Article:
• Microsoft: .NET—It can be argued that Microsoft is "betting the business" on the success of .NET. Although .NET is based on Web services technologies, the .NET initiative is much broader than Web services, including a new programming language, C#, and a common runtime layer upon which implementations of multiple programming languages can be built. We will look at .NET in more detail in Chapter 8, "Interoperability, Tools, and Middleware Products."

  • Sun: SunOne (Open Net Environment)— Sun declared the notion of smart Web services that can somehow understand the context in which they were deployed or invoked (such as user identity, type of client device and privacy policy, and so on). Smart Web services includes a standard for sharing this notion of "context" and an infrastructure SunONE upon which to deploy it.

    Sun's approach to Web services is fairly similar to the approach taken by the other major IT vendors, in that Sun bases its Web services technology on the core XML, SOAP, WSDL, UDDI technology set. Sun also augments these technologies with technologies derived from ebXML. The details are not clear as to how these technologies merge together.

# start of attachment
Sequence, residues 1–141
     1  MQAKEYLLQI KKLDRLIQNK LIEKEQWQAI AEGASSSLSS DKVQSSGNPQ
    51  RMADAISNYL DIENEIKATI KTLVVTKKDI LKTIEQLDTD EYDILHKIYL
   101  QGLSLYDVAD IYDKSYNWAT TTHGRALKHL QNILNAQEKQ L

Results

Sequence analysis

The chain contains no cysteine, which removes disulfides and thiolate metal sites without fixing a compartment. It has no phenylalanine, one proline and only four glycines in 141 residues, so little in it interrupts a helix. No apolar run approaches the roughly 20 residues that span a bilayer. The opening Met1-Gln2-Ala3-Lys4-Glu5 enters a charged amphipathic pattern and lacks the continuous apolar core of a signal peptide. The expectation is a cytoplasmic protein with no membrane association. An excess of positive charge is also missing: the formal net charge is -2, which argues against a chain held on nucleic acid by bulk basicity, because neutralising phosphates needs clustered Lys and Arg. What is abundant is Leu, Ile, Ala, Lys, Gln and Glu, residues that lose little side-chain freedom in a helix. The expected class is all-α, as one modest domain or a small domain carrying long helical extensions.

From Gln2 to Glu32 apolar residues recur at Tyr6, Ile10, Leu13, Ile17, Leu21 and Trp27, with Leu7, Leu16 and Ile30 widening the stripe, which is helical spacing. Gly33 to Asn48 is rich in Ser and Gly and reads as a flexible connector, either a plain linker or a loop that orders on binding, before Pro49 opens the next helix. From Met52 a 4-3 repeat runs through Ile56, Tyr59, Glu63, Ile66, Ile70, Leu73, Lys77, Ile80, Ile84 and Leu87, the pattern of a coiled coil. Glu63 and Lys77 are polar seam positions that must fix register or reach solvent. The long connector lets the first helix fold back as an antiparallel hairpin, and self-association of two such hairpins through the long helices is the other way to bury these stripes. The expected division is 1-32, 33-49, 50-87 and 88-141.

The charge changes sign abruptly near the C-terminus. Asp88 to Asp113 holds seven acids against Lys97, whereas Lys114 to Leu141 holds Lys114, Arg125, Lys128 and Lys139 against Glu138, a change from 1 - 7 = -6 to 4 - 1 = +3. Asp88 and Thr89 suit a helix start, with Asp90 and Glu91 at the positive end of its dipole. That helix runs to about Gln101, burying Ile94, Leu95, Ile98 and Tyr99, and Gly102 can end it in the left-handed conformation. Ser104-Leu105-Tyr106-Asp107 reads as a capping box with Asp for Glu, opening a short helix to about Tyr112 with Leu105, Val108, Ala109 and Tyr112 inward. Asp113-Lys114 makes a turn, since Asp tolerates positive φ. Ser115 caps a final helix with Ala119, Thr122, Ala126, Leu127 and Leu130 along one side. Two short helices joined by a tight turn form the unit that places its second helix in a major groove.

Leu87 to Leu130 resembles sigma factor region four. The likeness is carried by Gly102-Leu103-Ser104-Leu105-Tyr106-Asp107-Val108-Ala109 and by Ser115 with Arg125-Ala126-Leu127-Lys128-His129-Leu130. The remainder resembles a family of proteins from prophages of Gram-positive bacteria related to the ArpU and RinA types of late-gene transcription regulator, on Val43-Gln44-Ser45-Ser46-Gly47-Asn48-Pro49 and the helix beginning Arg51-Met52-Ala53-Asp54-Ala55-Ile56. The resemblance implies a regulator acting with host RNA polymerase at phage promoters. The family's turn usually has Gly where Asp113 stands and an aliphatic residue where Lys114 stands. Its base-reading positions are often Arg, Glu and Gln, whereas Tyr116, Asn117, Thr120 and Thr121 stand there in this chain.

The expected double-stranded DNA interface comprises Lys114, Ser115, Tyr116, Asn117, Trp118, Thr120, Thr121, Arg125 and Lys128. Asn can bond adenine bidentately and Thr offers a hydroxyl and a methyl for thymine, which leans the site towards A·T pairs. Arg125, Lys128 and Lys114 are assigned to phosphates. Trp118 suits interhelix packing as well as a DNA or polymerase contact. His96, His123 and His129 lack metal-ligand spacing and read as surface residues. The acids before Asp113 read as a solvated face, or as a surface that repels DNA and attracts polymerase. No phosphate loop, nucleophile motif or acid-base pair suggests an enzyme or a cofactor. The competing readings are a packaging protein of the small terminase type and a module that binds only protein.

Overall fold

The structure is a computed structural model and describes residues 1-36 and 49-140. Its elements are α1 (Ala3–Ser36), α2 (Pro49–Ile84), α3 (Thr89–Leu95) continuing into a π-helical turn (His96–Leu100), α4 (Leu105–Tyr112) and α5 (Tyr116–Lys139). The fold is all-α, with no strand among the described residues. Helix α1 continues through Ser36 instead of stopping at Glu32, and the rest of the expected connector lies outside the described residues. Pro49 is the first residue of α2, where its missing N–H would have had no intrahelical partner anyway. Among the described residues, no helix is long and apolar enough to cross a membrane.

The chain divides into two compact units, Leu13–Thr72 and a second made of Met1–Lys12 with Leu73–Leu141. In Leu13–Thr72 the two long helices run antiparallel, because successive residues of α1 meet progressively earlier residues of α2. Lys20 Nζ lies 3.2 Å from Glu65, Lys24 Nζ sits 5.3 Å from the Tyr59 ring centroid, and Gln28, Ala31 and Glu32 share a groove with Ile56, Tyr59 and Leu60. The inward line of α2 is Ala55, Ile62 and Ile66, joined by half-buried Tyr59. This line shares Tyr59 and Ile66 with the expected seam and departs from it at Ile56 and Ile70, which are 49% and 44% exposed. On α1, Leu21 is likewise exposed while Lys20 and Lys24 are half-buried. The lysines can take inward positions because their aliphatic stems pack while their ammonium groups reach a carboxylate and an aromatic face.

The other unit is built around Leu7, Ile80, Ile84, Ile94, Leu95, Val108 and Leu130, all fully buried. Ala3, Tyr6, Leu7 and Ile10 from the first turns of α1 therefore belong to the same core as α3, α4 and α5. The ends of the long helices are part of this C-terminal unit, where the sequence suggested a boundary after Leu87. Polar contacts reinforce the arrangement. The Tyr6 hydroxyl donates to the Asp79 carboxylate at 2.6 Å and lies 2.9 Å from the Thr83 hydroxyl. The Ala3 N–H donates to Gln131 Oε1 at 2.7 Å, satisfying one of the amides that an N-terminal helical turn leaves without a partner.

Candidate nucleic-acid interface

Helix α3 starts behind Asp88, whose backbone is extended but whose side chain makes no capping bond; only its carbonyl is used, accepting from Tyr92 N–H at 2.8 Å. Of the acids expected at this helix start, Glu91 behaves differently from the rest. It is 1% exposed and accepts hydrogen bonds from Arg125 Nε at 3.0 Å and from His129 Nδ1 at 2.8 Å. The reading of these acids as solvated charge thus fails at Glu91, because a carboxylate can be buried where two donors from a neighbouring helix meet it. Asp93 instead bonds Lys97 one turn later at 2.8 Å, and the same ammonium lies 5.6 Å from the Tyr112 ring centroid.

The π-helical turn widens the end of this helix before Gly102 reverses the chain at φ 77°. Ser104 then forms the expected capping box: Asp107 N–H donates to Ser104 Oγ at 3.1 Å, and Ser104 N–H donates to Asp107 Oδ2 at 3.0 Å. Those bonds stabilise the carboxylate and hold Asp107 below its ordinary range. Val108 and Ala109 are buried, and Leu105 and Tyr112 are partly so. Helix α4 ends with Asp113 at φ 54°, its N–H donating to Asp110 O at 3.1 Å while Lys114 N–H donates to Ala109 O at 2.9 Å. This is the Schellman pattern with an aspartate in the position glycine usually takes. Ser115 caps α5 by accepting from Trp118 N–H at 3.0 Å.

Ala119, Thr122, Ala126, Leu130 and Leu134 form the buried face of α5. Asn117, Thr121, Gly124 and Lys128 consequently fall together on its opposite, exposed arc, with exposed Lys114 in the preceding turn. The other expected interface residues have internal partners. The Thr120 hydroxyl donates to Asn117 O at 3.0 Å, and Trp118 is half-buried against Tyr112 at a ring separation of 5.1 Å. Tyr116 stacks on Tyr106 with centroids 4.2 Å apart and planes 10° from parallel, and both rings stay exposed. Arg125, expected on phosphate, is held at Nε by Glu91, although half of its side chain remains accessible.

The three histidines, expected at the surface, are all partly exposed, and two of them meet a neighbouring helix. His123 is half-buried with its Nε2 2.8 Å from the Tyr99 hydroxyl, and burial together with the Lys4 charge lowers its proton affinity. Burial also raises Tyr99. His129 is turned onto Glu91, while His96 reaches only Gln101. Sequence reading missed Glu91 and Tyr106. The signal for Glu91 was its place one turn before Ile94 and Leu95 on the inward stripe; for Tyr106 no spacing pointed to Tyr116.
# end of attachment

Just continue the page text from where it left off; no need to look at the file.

Sun's sponsorship of the Java Community Process and its definition of Java specifications related to Web services is also a major component of the company's Web services initiative.

  • Oracle: Oracle 9i Web Services Broker— The Oracle approach to Web services also follows the traditional SOAP, WSDL, UDDI perspective. Oracle emphasizes the role of its database technology as a service registry (broker) providing security and other value added services as an intermediary between service requestor and service provider.

  • Macromedia: Macromedia platform— Macromedia has embraced Web services throughout its mass-enterprise platform. Its rich clients can display information retrieved through Web services, its application servers make building Web services possible for developers at all skill levels, and its tools provide high-level support for building applications that leverage Web services.

It is exciting to see so many software vendors active in Web services. With multiple vendors, there is a risk of incompatibility of implementations. Unless Web services from different vendors can interoperate, Web services will fail to attain critical mass of adoption. Happily, there is significant focus among the various Web services implementations to develop and maintain interoperability.

Chapter 8 will look at a collection of Web services implementations in the industry, from large software vendors to smaller boutique Web services infrastructure providers.